Age–related macular degeneration (AMD) has a devastating effect on vision, predominantly at the age of 70 years or older. Its pathogenesis at the early stages involves a low-grade inflammatory process within the retina, and the late stages are associated with retinal haemorrhages and atrophy. In this age group, one of the most common medications prescribed is aspirin for prevention of cardiovascular events. As aspirin has both anti-inflammatory and antiplatelet properties, it has the potential to influence the course of AMD. Whilst it could reduce the inflammatory component at earlier stages of AMD, it is also plausible that it could provoke haemorrhaging and exacerbate the course of the disease at its more advanced stage.
The proposed study aims to evaluate risk to benefit ratios of the effect of aspirin on the course of AMD in the clinical trial on over 5000 participants. It is a collaborative (Monash University and Centre for Eye Research Australia) five-year follow up study, which capitalizes on the resources of the ongoing NIH-funded randomized controlled clinical trial ASPREE (ASPirin in Reducing Events in the Elderly).
The ASPREE parent study has a strong cohort of people over the age of 70 with extensive study parameters, which ancillary studies can access. The ASPREE-AMD sub-study is based on the assessment of the AMD status of the colour retinal images collected with high resolution non-mydriatic Canon retinal cameras ‘on wheels’ at baseline, 3 years, and 5 years after randomization. All images are graded for AMD by experienced retinal graders. This project involves eye imaging in mobile units at multiple metropolitan, regional, and rural areas of Australia. Additionally, the information on the use of medications for AMD treatment will be obtained from MEDICARE. This study has a unique combination of randomised controlled design, large sample size, sufficient length, cost-effectiveness, wide community involvement, and a focus on the age group when AMD manifests (70+). These factors assure high generalisability. Its feasibility has been proven, its infrastructure developed, all required equipment is in place and its staff are trained and experienced.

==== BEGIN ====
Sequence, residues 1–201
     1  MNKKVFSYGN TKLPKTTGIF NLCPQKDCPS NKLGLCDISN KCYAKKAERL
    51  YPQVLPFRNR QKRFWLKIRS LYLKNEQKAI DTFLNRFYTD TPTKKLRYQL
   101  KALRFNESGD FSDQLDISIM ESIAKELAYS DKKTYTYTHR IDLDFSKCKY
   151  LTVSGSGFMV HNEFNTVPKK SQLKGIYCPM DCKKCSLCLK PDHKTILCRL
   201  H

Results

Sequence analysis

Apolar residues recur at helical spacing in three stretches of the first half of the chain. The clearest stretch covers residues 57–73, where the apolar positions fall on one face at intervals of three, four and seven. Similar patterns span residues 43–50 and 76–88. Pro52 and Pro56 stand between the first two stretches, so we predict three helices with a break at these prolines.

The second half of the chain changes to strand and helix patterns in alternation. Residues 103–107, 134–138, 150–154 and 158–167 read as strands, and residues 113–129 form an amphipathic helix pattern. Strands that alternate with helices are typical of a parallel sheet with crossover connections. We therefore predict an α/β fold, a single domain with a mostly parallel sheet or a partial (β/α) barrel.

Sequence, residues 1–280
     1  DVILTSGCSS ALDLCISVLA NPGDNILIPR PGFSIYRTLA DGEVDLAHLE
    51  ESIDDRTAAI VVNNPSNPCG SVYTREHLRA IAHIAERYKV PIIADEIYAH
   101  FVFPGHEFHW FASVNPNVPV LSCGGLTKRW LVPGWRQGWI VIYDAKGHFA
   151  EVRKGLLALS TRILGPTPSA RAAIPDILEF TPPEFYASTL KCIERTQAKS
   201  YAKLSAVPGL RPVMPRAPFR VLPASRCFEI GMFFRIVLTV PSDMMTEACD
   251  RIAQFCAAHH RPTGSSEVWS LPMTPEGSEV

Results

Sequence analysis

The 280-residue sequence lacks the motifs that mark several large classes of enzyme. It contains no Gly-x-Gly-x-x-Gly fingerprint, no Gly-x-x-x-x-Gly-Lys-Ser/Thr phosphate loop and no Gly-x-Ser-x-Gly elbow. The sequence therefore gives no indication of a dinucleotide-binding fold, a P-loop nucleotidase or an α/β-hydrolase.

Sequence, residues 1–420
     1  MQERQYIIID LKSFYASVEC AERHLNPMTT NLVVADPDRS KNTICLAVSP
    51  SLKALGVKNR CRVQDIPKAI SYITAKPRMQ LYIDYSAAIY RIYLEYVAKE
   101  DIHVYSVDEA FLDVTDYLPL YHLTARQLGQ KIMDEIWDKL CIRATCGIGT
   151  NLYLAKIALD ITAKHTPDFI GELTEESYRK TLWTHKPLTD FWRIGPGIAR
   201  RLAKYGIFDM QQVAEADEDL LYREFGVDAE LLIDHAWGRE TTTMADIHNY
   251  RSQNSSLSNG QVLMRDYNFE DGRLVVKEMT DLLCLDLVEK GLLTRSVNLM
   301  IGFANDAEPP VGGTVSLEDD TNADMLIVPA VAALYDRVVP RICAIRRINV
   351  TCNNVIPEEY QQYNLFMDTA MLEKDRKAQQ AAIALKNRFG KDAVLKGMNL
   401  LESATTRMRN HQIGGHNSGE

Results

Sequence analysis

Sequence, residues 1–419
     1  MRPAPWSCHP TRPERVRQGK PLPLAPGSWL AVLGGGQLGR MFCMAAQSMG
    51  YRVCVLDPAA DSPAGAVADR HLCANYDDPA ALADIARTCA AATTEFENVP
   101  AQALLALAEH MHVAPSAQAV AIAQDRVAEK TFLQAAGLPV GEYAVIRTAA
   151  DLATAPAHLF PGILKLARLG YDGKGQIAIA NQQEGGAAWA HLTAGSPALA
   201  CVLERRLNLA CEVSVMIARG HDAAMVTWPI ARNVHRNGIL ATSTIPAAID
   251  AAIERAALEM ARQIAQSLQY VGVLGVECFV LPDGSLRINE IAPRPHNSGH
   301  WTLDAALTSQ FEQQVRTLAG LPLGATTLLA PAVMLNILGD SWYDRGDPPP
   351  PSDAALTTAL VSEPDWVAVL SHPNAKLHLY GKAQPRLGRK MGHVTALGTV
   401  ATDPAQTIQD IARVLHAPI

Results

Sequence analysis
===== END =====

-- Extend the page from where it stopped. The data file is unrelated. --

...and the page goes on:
Baseline and year 3 follow up data collection has been funded by NHMRC. In the NIH application we requested funds for 5-year follow up of the ASPREE-AMD participants.
The completion of the 5-year follow up ASPREE-AMD study may significantly advance current knowledge and provide definitive information on the effect of as a primary prevention or as a potential risk factor for AMD progression.